As you can see from the picture, the silver of the metal below is blatantly showing. You can see on the reverse where I’ve scratched off the ‘gold top coat’ with my fingernail! When compared against a real pound coin, this fake is also very slightly too large and misshapen. Doh! You’d have trouble passing this bad boy through a vending machine then.

Example #3:

Fake Coin #3

The texture of the front of this coin just looks wrong. It has a ‘sprayed’ look, which probably doesn’t come across that well in the picture. Both front and back are centrally stamped, but the edge inscription is of very poor quality and is only partially milled. The reverse Celtic cross isn’t as clear as it should be and is obviously lacking in any detail. When compared to a genuine £1 coin, it’s again very slightly too big.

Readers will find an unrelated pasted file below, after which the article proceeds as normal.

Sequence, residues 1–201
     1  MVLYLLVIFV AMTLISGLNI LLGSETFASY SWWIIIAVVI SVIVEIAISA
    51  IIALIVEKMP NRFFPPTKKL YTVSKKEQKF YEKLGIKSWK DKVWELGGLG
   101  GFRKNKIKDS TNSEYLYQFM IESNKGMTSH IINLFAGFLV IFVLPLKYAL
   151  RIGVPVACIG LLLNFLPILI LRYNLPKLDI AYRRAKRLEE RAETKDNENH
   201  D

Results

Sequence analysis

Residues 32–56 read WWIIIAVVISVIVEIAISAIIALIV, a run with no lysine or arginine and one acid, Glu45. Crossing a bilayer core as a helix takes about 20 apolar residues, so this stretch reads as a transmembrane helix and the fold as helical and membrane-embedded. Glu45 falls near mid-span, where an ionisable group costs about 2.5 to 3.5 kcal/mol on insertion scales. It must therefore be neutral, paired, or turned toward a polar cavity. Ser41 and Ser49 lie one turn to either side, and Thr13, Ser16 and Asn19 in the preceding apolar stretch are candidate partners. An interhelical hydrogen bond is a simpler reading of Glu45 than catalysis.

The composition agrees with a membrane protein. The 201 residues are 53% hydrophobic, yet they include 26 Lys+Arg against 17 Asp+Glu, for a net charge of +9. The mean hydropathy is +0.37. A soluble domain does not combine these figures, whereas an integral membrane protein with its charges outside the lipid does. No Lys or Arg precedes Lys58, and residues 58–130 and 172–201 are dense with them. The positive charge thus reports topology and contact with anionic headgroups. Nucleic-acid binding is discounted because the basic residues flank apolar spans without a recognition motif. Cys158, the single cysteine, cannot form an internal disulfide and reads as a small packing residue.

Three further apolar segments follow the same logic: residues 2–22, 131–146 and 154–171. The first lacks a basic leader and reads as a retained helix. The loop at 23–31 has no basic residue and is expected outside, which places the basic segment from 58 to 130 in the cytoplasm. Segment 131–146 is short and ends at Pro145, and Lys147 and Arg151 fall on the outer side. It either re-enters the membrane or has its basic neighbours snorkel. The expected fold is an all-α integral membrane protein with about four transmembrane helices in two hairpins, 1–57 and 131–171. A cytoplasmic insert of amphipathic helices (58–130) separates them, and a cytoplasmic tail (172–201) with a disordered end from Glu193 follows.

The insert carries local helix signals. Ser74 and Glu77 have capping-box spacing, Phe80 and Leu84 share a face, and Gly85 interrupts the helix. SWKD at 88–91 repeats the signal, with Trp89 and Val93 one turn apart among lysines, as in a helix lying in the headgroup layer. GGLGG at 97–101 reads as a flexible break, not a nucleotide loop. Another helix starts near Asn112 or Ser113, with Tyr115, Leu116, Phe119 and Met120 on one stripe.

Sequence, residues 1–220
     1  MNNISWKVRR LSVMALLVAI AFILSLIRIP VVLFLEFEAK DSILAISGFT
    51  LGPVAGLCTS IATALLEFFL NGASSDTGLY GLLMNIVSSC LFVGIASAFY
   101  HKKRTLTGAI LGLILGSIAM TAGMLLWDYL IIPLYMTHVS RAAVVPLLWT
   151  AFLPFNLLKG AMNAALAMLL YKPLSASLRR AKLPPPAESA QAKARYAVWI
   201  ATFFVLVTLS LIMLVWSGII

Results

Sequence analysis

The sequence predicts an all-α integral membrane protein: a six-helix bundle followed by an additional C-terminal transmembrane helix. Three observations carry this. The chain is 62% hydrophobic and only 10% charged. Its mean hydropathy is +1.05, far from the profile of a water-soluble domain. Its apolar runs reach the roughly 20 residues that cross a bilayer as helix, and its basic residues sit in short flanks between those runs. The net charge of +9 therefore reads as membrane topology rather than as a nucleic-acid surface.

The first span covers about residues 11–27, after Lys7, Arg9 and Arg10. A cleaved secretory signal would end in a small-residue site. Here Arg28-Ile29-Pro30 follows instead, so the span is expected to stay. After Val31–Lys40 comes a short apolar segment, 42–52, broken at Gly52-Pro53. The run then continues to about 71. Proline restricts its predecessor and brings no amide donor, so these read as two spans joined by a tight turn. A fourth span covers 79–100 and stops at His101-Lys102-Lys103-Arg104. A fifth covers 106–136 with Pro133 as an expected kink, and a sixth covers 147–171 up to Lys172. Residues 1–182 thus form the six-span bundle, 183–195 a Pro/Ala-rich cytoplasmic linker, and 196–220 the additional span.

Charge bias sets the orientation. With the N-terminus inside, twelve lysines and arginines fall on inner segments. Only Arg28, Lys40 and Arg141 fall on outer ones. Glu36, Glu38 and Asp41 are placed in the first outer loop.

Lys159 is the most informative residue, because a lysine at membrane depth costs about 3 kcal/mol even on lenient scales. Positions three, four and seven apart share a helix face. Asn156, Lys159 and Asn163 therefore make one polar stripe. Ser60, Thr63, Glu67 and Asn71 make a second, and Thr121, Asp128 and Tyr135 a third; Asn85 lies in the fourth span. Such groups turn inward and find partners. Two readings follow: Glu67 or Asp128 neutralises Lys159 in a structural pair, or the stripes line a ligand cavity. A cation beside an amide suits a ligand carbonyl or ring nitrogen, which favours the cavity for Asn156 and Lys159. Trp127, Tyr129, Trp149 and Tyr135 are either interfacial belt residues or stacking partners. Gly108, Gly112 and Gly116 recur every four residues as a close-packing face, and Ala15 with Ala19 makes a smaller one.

Having said that, it’s another fairly good copy and could easily be passed off.

Quite remarkedly, the year, edge inscription and reverse picture again all tie up. It’s unbelievably common for them to not match, as you’ll see…

Example #4:

Fake Coin #4

The face on this fake isn’t quite centrally stamped. The edge is 90% milled. The quality of the lettering on the face stamp isn’t marvellous.

As you can see, the face is stamped 1992 and “DECUS ET TUTAMEN” is stamped around the edge. The reverse shows a thistle sprig in a coronet. Doh!! Those pesky fakers have got it wrong again. 1992 was an oak tree in a coronet!

Anyway, that’s enough dodgy pounds for now… more another time!

Part two and part three.

Comments on: "Fake One Pound Coins – Part One" (140)